I’ve been meaning to get around to write a more detailed posting on the truly remarkable progress that appears to be happening across Africa on reducing malaria incidence using physical protection strategies such as bed nets and indoor residual spraying, and I will shortly. Some of the drops appear to be really dramatic, which could lead one to ask the question of whether our efforts are better spent on these types of interventions.

I don’t think so. I think this is one of those cases where the two interventions together – vaccination and physical protection – can really work off one another to control transmission. Neither intervention will likely be entirely effective so we may need more than one intervention. Plus, spillover effects may mean that these interventions are highly complimentary.

I can’t wait to hear more about these results…I am really exciting about these new findings.

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The Institute for Health Metrics and Evaluation at the University of Washington is now accepting applications for its Post-Bachelor Fellowship program. The program is designed to give recent undergraduate graduates an opportunity to gain some real experience conducting global health research. The institute has some of the greatest scholars in this area on staff. The research is quantitatively focused, so they are looking for some evidence of that in your background.

A few years back this program used to be run out of Harvard University and I had the chance to get to know many of the PBF – as they were called. They were a great bunch of students and most of them went on to top graduate schools for medicine, public health, and doctoral studies in related fields. I can say that I think this is an amazing opportunity for anyone interested in global health work and I would highly recommend that you apply.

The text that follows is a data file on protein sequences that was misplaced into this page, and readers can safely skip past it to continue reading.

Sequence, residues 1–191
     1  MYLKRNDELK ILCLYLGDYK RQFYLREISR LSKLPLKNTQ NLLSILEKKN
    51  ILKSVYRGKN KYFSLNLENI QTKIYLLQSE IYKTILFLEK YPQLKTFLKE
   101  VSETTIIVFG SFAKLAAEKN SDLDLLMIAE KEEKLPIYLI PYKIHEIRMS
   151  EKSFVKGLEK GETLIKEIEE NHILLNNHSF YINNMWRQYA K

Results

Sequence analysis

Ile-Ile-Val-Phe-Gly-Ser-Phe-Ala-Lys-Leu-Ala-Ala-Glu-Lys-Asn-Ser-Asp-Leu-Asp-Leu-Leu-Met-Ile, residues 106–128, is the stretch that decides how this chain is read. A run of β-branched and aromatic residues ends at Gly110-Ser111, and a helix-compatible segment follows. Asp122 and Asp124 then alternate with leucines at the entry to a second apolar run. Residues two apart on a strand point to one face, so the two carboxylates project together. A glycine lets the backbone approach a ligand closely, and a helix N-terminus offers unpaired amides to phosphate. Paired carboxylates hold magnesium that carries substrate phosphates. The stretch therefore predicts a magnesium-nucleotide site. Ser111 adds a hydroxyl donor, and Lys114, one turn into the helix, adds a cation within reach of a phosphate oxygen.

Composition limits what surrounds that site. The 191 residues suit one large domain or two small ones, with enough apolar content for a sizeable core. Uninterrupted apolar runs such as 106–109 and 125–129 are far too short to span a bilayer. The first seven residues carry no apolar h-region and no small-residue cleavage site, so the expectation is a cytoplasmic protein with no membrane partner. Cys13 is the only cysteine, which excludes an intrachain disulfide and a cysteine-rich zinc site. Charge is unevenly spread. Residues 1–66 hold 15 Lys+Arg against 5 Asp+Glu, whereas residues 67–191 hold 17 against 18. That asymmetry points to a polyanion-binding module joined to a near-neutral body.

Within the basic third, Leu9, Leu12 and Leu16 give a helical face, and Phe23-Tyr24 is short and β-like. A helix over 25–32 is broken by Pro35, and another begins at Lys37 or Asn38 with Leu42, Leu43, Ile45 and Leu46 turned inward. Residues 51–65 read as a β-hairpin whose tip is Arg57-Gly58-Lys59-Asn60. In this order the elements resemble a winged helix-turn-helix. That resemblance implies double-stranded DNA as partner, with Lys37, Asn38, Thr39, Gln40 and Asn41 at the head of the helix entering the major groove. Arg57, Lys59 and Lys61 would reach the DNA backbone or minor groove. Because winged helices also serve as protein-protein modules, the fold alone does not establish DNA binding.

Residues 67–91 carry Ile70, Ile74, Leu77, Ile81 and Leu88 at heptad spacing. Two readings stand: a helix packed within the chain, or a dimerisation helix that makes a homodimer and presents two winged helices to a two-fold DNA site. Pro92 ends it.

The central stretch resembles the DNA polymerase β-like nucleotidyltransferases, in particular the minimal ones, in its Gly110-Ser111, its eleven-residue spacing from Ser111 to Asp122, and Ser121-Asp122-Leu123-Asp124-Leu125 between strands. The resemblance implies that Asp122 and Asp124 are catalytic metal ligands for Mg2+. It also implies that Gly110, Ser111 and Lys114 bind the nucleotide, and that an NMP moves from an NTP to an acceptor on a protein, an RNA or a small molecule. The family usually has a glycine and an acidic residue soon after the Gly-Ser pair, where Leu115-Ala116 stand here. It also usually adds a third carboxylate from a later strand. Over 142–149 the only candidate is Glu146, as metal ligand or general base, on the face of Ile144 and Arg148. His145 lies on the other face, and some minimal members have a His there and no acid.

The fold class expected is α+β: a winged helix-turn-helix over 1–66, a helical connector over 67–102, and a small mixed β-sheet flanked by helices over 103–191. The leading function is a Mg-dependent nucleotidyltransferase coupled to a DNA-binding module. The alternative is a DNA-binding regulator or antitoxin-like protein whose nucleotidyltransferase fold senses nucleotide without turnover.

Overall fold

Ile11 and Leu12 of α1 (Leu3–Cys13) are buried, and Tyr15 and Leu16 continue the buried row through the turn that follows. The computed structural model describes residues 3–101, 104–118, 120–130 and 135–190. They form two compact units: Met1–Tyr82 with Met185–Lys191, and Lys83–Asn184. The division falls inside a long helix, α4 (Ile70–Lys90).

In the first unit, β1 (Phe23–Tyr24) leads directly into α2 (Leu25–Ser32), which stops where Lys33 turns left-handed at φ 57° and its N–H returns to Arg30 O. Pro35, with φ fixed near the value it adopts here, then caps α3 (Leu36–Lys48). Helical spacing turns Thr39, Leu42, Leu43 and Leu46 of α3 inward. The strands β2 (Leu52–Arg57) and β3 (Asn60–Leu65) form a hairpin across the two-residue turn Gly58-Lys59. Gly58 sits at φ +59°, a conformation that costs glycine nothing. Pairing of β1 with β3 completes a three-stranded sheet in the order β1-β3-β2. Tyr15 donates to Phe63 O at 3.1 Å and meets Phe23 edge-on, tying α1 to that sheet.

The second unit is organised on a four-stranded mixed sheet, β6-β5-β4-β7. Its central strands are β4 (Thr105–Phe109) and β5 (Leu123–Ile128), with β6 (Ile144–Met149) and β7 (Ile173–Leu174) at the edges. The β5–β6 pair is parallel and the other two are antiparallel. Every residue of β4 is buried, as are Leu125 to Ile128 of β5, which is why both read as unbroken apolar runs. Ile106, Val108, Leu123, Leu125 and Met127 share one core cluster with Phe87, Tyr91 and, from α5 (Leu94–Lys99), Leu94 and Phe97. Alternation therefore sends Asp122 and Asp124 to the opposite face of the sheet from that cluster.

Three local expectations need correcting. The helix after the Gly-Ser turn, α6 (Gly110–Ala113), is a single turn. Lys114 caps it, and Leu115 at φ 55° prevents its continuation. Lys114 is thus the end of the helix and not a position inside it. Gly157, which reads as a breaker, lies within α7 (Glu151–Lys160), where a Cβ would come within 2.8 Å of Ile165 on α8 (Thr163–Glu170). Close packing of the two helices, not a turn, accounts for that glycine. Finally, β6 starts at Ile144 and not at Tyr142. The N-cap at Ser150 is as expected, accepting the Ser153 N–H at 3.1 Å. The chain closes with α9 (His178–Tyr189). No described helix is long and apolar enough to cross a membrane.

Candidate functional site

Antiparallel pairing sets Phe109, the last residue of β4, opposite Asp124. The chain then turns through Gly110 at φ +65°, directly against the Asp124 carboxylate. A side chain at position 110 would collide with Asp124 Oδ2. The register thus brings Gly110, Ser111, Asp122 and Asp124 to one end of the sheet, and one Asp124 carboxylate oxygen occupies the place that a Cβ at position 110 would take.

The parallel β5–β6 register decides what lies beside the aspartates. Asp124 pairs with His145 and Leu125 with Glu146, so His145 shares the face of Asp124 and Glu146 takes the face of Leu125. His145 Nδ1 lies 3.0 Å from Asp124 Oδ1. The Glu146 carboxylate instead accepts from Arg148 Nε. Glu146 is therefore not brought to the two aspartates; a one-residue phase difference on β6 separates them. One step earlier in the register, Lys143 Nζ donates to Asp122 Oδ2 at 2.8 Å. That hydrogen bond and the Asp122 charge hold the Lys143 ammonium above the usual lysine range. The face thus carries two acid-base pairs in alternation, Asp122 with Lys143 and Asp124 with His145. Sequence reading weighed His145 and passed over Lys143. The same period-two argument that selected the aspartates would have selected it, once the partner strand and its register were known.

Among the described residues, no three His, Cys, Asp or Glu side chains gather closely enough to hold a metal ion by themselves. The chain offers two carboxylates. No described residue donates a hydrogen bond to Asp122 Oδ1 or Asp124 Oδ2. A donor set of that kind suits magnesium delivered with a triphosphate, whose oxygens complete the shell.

For more information on the program, click here. Details on how to apply are also on this website.

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Last evening, I had the great pleasure and opportunity to attend a really interesting session at the Harvard Kennedy School’s Institute of Politics. The HKS is currently hosting a week long “crash course” for all newly elected members of congress. The session I attended brought together leading experts on global health issues to speak to them about global health and its relevance to them as new members of the United States congress.

Why should they care about global health issues? How much do they even know about global health issues? What would you tell them about global health?

The speakers, most from the Harvard School of Public Health but also from the Gates Foundation, spoke mainly about the US government’s moral or ethical obligation to contribute to global health and also about the idea that protecting global health is a global public good and benefits the economy and well being of all nations on the planet.

The world is moving into a global recession, and the US will most certainly face a major economic downturn in the coming years. Add on top of that a strong mandate to improve health insurance coverage within the US, and you have a situation where it may be really hard for these new members to prioritize health issues overseas.

I thought the most practical suggestion came in response to a question from the audience where one of the speakers suggested that one big change in the new administration could be to coordinate and learn more from other major global health initiatives. I agree strongly with this idea, and it is the kind of change that does not even cost any more money.